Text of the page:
There are still many who think it is. Sadly, like the blog linked here, many of the attacks are so riddled with unsophisticated ad hominem and vitriol that their more legitimate arguments are undermined.
For example, while I thoroughly agree that much of the research into human sexuality is problematic, I think the field extends so far beyond these studies that to paint the entire discipline with the one brush is misrepresenting evolutionary psychology. Not everyone thinks Buss defines the field.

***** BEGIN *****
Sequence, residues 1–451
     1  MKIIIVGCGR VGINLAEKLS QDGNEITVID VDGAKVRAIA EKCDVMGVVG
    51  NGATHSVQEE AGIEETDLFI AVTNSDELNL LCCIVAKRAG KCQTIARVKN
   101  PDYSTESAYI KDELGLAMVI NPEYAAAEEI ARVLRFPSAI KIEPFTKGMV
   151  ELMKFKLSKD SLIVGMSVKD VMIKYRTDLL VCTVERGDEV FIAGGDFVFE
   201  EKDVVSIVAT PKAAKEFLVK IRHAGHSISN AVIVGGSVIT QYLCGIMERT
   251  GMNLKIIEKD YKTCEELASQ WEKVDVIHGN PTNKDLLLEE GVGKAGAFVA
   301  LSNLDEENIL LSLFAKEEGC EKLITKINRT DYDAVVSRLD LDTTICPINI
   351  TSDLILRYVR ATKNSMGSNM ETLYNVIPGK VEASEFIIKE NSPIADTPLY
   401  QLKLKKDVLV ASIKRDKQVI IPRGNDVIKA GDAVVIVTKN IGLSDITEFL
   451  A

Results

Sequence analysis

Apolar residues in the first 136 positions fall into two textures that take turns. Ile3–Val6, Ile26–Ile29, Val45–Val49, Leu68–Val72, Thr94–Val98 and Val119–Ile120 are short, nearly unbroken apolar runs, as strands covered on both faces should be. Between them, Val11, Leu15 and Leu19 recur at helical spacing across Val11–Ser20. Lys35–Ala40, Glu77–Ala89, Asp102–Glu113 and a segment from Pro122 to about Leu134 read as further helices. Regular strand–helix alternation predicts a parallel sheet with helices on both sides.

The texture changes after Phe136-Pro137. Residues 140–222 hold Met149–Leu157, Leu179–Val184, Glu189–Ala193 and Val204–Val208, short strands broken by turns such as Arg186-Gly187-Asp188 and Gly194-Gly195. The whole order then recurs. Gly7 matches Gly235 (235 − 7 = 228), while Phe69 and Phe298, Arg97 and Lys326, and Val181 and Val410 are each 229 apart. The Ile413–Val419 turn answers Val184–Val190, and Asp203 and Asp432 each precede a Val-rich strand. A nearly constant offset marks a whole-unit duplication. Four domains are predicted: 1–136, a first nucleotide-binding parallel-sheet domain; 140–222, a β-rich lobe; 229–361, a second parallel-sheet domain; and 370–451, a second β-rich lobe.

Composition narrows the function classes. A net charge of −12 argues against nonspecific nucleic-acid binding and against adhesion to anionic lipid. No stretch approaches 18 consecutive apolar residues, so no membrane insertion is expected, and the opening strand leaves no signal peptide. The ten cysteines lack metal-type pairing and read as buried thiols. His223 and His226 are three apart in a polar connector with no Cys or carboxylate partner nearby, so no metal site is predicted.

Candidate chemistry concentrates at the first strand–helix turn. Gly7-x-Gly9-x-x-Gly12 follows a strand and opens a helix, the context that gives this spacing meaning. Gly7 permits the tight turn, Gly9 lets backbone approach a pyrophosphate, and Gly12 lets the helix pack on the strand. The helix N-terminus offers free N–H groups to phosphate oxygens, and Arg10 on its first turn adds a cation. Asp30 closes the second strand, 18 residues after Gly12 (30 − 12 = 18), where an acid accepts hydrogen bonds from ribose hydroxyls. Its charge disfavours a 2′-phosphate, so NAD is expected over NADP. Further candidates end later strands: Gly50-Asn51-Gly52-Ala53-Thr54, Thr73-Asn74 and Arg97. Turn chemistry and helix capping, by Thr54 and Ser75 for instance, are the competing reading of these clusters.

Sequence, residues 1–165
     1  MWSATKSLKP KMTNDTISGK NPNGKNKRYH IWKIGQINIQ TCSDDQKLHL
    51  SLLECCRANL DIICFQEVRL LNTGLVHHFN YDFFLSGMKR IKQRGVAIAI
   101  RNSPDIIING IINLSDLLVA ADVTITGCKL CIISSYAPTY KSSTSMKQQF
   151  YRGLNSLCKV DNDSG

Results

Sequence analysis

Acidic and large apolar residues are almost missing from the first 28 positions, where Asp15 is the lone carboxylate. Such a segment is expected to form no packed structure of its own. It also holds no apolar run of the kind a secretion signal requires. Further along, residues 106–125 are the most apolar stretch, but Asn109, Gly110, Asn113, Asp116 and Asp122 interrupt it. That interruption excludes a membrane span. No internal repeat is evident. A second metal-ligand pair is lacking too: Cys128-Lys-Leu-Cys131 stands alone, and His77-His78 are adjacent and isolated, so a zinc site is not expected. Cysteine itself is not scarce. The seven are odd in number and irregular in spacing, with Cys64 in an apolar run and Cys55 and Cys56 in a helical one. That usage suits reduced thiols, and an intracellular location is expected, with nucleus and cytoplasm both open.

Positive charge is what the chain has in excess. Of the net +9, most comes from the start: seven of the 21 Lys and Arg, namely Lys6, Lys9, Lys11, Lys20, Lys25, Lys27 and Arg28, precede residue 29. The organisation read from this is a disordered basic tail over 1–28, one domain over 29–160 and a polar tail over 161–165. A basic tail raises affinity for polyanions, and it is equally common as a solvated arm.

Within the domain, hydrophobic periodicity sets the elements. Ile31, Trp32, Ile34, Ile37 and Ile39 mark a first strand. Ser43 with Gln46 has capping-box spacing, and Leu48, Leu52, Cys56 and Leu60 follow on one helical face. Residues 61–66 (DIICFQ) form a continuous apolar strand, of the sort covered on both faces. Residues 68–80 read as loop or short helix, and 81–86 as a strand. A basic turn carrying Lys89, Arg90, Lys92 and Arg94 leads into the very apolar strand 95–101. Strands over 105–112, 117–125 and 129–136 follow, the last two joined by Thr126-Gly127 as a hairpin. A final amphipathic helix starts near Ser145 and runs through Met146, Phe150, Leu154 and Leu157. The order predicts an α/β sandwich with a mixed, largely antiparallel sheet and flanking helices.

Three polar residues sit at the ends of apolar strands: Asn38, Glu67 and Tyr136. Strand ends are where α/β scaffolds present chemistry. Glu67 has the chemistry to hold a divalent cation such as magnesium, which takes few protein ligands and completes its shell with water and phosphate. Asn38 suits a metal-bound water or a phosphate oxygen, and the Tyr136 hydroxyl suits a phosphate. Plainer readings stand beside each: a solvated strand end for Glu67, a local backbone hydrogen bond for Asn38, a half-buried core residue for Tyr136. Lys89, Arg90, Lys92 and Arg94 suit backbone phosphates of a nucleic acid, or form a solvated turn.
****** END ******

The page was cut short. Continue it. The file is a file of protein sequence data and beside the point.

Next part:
Another point that seems to have eluded this blogger is that evolutionary psychology as a discipline itself is evolving. Less researchers are talking about ‘evolved behaviours’ and more are talking about ‘evolved faculties’ and ‘sentiments’ that are given content by environmental influences.
This shift was a result of some of the early criticisms against evo psych, such as its tendency to describe universal behaviours without accounting for variations amongst cultures – or the so-called genetic determinism that evo psych was purported to advocate. Such criticisms are beneficial and welcome, particularly if they advance the field. But dismissive ad hominem attacks are somewhat less helpful.
In fact, if this blogger hopes to become an academic herself, I’d advise her to make her criticism constructive rather than cathartic.